I saw Satan fall…
Fourteenth Sunday of the Year. Fr Gerard Meath preaches on the words of Jesus to the seventy-two.
In today’s Gospel, Jesus is speaking to seventy-two of his followers who ‘are going ahead of him in pairs to every town and place where he himself intended to go’.
A previous mission had come to grief. Jesus had sent messengers ahead of him. They entered a Samaritan village, but the people refused to receive him. It is not clear whether Jesus was there with them at the time, but James and John were later rebuked for asking him ‘to bring fire down from heaven’ on the villagers.
At the same time there were others who felt drawn to Jesus but could not summon up the courage to take the first step: I must go to my father’s funeral, to a friend’s farewell party. The mission had come to grief.
So Jesus chooses seventy-two others, and he gives them a code of behaviour. From the start they must have no illusions:
See, I am sending you out like lambs into the midst of wolves. Carry no purse, no bag, no sandals; and greet no one on the road.
So it goes on, take no bribes, be satisfied with what you are given to eat, respond firmly to the discourteous, and so on. Clearly a rigorous programme.
We are not told how long the seventy-two were away, nor everything that had happened to them, but when they did get back they were on a high, ‘returning with joy’. They say first what they are proud of: their power and success. ‘Lord,’ they said, ‘in your name even the demons submit to us.’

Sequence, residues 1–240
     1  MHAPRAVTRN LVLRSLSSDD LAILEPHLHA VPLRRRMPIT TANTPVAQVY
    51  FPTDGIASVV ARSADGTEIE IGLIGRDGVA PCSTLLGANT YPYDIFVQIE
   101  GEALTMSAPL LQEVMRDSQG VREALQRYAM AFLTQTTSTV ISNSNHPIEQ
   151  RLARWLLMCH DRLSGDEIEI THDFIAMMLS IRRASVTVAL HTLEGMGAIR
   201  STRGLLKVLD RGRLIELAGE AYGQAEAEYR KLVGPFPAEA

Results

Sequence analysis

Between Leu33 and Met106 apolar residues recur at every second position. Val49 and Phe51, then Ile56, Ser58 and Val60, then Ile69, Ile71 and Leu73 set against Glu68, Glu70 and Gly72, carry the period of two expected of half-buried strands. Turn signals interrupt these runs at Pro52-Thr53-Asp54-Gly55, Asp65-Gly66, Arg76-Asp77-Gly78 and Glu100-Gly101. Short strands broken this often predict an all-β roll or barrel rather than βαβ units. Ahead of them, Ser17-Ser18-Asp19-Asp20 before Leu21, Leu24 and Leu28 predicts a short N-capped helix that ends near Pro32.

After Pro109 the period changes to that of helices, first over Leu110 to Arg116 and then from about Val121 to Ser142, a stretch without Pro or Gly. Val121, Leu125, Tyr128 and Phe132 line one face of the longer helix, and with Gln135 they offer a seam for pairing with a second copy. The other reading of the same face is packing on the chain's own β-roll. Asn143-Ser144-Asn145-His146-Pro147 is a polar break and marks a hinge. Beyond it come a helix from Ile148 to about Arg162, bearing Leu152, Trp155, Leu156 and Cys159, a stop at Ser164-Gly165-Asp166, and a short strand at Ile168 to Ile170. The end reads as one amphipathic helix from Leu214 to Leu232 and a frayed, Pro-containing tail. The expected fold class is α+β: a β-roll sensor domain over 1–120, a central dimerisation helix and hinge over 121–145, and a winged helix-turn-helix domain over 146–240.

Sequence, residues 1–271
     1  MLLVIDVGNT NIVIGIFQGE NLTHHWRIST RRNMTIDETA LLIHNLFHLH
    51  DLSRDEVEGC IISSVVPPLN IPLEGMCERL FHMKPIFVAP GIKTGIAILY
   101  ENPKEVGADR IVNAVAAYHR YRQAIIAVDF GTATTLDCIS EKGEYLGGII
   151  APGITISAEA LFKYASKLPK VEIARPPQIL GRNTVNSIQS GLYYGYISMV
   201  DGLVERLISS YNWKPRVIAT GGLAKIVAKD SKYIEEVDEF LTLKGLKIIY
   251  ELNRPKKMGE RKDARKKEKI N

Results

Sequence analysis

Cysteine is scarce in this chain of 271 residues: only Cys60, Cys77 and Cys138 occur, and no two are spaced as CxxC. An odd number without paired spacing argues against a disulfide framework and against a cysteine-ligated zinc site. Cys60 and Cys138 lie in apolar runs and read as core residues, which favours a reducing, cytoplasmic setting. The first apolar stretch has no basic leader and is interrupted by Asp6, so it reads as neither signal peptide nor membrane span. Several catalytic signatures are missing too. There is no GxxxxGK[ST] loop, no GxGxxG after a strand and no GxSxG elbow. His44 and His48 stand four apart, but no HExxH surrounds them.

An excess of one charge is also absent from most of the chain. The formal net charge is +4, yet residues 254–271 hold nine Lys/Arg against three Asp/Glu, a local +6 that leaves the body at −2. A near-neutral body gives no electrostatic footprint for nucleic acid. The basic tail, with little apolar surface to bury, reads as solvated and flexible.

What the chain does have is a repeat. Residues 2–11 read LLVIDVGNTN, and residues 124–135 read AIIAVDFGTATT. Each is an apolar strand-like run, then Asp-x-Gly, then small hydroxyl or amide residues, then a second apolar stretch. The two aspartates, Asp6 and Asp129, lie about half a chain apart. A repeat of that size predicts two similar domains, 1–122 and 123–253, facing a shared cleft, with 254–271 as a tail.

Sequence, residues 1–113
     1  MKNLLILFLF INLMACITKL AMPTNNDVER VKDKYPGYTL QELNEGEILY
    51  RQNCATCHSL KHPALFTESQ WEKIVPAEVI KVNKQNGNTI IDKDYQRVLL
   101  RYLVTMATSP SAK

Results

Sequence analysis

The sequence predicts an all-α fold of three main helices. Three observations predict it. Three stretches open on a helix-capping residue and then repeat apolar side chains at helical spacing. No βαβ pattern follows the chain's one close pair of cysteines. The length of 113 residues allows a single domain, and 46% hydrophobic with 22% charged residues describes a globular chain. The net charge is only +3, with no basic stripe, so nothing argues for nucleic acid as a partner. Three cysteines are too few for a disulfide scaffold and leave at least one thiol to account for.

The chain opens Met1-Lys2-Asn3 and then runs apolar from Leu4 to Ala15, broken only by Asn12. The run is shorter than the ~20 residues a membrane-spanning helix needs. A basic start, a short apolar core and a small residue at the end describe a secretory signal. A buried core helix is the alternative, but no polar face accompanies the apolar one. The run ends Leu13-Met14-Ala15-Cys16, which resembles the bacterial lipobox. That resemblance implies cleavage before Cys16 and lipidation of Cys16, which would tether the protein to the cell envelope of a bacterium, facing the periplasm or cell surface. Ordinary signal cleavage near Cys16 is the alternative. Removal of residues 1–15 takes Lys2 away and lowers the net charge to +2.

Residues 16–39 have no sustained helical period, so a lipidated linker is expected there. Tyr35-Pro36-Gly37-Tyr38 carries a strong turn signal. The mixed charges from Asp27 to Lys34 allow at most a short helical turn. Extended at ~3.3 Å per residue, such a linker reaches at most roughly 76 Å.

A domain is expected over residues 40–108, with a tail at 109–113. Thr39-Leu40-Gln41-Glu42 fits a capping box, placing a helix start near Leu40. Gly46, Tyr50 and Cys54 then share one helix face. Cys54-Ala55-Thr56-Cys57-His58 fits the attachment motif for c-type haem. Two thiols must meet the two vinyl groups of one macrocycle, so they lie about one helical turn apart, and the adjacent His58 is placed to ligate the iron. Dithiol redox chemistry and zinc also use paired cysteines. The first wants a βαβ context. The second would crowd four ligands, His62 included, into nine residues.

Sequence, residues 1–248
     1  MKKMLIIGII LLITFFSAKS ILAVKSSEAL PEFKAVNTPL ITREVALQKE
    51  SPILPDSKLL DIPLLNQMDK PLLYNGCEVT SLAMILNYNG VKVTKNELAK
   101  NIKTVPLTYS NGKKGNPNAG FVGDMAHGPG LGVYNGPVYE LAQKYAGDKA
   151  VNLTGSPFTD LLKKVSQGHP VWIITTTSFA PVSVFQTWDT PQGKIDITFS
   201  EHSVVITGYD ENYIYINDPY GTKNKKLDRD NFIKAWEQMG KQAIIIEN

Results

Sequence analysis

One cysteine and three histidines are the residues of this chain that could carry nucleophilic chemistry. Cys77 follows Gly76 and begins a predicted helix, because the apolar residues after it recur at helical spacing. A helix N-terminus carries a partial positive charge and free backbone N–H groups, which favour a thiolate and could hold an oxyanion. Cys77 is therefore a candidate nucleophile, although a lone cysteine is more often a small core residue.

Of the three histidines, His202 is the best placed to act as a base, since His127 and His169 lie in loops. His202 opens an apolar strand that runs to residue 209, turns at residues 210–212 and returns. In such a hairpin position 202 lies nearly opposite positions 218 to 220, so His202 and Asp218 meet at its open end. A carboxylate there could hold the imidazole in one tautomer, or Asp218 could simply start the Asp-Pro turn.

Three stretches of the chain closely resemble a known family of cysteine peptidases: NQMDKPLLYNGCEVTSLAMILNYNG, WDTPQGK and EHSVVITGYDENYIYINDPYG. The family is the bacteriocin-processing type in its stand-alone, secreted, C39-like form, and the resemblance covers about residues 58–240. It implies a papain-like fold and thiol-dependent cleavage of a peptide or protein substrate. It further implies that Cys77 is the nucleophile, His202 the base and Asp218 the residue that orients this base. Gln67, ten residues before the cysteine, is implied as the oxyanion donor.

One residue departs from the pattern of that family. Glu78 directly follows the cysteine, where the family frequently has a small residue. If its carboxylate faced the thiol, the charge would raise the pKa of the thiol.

Jesus answers with the first thing that came to his mind:
I watched Satan fall from heaven like a flash of lightning.
We shall look at that later, but meanwhile Jesus continues,
See, I have given you authority to tread on snakes and scorpions, and above all power over the enemy; nothing will hurt you. Nevertheless, do not rejoice at this, that the spirits submit to you, but rejoice that your names are written in heaven.
Jesus puts their minds straight: do not rejoice that you have power and authority, but rejoice that you are God’s messengers, names written in heaven.
At that same hour Jesus too rejoices: Jesus Christ, the Word of God, was the First of all messengers sent by the Father. And when he said ‘I watched Satan fall…’, he was harking back to the time when he was preparing in the desert for his public ministry. In those forty days, Jesus had been challenged and tempted by Satan on three different occasions, at the end of which he had ‘watched Satan fall’.
Now we hear Jesus thanking his Father in heaven, and for a moment we are offered an awesome glimpse of the Holy Trinity:
At that same hour Jesus rejoiced in the Holy Spirit and said, ‘I thank you Father, Lord of heaven and earth, because you have hidden these things from the wise and intelligent and have revealed them to infants.’
The ‘infants’ to whom the Father has revealed these things are Jesus’ followers: they have been ‘given authority to tread on snakes and scorpions, and over all the power of the enemy; and nothing will hurt you’.
But they are not to rejoice in this, that the spirits submit to them, in their success and power, but they are to rejoice that their names are written in heaven. So following Christ means more than obeying the Ten Commandments, more than success in all our good works. It means being one of his own people, our names written in heaven.
What does that say to us in the twenty-first century? We are made in the image and likeness of God, and at the same time are part of his creation. We are answerable both to the God who made us and to the world we inhabit – peace and progress come from a creative tension between the two…